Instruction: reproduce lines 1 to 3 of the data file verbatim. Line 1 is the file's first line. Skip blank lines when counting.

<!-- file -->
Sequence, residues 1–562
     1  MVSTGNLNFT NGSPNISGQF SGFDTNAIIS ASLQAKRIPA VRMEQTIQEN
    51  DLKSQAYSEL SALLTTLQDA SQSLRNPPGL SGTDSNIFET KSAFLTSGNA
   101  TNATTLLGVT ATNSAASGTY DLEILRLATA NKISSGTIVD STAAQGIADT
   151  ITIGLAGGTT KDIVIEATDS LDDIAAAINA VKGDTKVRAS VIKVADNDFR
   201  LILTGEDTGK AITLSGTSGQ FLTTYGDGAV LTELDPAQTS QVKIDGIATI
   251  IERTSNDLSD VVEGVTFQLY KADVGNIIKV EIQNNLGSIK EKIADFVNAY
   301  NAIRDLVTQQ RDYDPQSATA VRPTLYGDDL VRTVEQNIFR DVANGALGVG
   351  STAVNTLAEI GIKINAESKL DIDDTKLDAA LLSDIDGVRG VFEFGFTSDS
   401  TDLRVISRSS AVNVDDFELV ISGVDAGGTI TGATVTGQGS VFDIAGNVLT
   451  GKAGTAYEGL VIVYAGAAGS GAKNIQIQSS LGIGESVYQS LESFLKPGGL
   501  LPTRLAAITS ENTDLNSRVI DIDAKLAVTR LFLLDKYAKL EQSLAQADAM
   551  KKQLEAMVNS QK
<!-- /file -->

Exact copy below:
Sequence, residues 1–562
     1  MVSTGNLNFT NGSPNISGQF SGFDTNAIIS ASLQAKRIPA VRMEQTIQEN
    51  DLKSQAYSEL SALLTTLQDA SQSLRNPPGL SGTDSNIFET KSAFLTSGNA